Monday, November 21, 2011
I recently came across an educational computer game called "The End". The game was developed by UK broadcaster Channel 4, specifically their C4 education branch. Channel 4 commissioned the software developer Preloaded to write the program, geared specifically to 14-19 year olds. The game also just earned a BIMA Award for "Best Game" this month.
The producer Charles Batho says, "The End sets out to level the playing field, presenting a variety of views about life and mortality from famous thinkers of our time. It's not a non-religious game, just philosophical"
I found it interesting that in designing the game, the producers actually interviewed 14 - 19 year olds, asking them about death, even having them draw out their ideal funeral.
The game starts after you design your own character. In the first moments in suburbia, a meteor falls from the sky and your character is whisked into the afterlife. There are several objectives at hand, as you explore 3 different worlds. First is to collect "death objects", you do this by playing logic games at the end of each level. There are also quotes about death and living by famous people interspersed throughout the level.
The level itself is peaceful. The character walks and jumps around collecting stars and light. No worries if you fall off a cliff, your character is already dead, so you get as many re-trys as you want.
A sub theme to this game is self identity. There are yes/no questions in each level that you must answer. These questions are purely personality driven, for example, "Is it possible to be happy simply living in the moment?" and "Would you still be yourself if your mind was put into another body?"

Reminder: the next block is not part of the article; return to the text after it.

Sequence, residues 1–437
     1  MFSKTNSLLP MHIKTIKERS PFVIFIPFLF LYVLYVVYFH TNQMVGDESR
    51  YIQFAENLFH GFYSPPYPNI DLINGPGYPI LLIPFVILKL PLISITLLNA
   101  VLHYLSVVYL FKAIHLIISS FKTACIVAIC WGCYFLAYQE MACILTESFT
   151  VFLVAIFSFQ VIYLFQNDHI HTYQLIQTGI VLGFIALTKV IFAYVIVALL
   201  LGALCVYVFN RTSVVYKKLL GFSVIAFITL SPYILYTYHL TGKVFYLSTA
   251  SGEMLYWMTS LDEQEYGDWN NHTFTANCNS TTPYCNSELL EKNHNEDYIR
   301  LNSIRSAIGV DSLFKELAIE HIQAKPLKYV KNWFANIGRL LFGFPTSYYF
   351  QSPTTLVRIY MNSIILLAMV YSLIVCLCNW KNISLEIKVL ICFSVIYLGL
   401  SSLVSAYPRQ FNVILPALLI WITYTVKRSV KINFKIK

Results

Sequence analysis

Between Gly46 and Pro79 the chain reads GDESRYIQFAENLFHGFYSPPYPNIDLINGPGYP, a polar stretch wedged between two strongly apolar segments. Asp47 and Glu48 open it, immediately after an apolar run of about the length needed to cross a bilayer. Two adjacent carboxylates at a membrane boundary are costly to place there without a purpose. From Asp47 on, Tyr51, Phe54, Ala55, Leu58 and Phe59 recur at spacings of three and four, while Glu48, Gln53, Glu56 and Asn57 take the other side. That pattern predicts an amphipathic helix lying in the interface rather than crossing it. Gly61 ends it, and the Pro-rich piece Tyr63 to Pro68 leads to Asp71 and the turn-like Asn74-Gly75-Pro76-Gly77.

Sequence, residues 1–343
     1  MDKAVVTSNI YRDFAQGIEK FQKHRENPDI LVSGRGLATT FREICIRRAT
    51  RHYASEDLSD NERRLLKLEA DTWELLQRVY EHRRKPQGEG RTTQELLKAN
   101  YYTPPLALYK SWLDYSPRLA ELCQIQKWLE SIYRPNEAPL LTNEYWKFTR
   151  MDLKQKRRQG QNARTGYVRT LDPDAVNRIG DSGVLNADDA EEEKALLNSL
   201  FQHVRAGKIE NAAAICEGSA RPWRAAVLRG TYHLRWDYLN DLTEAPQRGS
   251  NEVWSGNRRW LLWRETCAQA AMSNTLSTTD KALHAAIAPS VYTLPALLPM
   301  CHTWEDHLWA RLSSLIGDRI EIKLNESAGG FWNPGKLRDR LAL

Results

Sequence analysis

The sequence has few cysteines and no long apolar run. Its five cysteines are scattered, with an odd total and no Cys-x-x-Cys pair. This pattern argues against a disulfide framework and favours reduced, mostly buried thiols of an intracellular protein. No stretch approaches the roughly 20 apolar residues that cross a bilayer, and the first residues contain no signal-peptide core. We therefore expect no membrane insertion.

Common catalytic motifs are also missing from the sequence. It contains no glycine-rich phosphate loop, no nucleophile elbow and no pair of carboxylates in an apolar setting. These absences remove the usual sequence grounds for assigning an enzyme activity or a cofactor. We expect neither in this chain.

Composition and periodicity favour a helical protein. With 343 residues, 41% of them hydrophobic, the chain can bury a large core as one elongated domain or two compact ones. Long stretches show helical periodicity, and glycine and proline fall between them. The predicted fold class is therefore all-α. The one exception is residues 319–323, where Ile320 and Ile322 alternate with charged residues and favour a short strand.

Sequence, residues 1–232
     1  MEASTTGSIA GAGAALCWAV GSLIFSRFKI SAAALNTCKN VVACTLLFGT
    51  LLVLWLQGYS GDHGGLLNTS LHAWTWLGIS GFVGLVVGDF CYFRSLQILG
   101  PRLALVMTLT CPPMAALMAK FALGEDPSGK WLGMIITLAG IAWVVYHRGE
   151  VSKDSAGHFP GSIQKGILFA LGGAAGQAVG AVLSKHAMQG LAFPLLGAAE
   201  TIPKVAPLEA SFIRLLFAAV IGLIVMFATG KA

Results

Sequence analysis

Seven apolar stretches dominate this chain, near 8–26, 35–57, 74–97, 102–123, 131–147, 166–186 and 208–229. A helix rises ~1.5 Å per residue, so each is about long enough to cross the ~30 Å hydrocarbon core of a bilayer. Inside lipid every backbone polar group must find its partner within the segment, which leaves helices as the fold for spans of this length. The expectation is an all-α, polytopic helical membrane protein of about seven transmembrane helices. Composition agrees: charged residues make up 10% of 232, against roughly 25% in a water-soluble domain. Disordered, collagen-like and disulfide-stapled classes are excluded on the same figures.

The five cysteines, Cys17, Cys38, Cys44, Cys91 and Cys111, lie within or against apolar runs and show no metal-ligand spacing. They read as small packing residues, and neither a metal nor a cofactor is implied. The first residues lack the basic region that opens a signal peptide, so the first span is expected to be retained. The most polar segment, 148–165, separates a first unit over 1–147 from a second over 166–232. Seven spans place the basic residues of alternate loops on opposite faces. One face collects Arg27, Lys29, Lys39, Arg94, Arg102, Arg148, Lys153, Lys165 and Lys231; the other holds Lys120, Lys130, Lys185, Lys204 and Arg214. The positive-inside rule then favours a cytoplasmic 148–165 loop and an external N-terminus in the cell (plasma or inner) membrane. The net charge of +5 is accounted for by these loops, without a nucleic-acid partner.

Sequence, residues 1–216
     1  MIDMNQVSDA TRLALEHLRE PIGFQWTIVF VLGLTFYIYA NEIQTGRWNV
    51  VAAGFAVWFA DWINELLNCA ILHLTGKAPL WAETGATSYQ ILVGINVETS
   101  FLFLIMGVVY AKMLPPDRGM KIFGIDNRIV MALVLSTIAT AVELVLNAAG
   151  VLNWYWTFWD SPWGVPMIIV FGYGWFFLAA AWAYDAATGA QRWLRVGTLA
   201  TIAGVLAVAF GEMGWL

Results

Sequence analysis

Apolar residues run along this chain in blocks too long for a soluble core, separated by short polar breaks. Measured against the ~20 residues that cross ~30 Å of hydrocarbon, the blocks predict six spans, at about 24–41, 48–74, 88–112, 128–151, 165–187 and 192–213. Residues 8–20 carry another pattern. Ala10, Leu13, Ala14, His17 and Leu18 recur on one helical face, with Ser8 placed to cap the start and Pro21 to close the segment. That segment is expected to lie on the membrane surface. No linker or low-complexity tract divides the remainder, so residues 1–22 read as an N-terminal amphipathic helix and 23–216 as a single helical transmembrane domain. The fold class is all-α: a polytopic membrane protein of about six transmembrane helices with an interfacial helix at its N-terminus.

Each question you answer gives a more accurate plotting on something called the Death Dial. This aligns your personality with other famous thinkers. These questions then become a conversation piece as those who play the game can ask others what their philosophy is.
The best news- the game is free. You can play it this moment at http://playtheend.com/game
For such a heavy topic the developers did a good job making something approachable, fun, and slipping in a little philosophy as well.
Monday, November 21, 2011 by Amy Clarkson · 0
Monday, November 14, 2011
Buried in the middle of Pink Floyd's album, The Dark Side of the Moon, I never really paid a lot of attention to this song, The Great Gig in the Sky. I actually always thought it was a bit strange. It has very few words and these are difficult to understand. The only lyrics are spoken:
"And I am not frightened of dying. Any time will do, I don't mind. Why should I be frightened of dying? There's no reason for it — you've got to go sometime."
Near the end of the song (around 3:30), spoken very, very quietly: "I never said I was frightened of dying." Although song lore states that it is actually "if you hear this whispering, your dying".
The remainder of the song consists of a woman, Clare Tory, wailing to the music.
The song initially started out as organ music accompanied by Bible verses and passages from religious speeches. This earlier version was called "The Mortality Sequence". When they recorded the song, they changed the organ music to piano and worked with various types of sounds for the main "lyrics" such as NASA communications. They finally decided to go with the wailing.
So other than the title, how is this song about death? When Richard Wright was initially writing the sequence, he wasn't thinking death. Some pointed out that the song starts out slow, gets loud and angry then drifts off and this has been compared to death. (I haven't seen a lot of deaths that start out slow then get angry, but the drifting off I can see.) Some have compared the wailing to crying, grief, mourning. Others feel the wailing is supposed to be full of fear, terror. I guess that would refer back to the fear of dying lines spoken at the beginning of the song.
Monday, November 14, 2011 by Amber Wollesen, MD · 0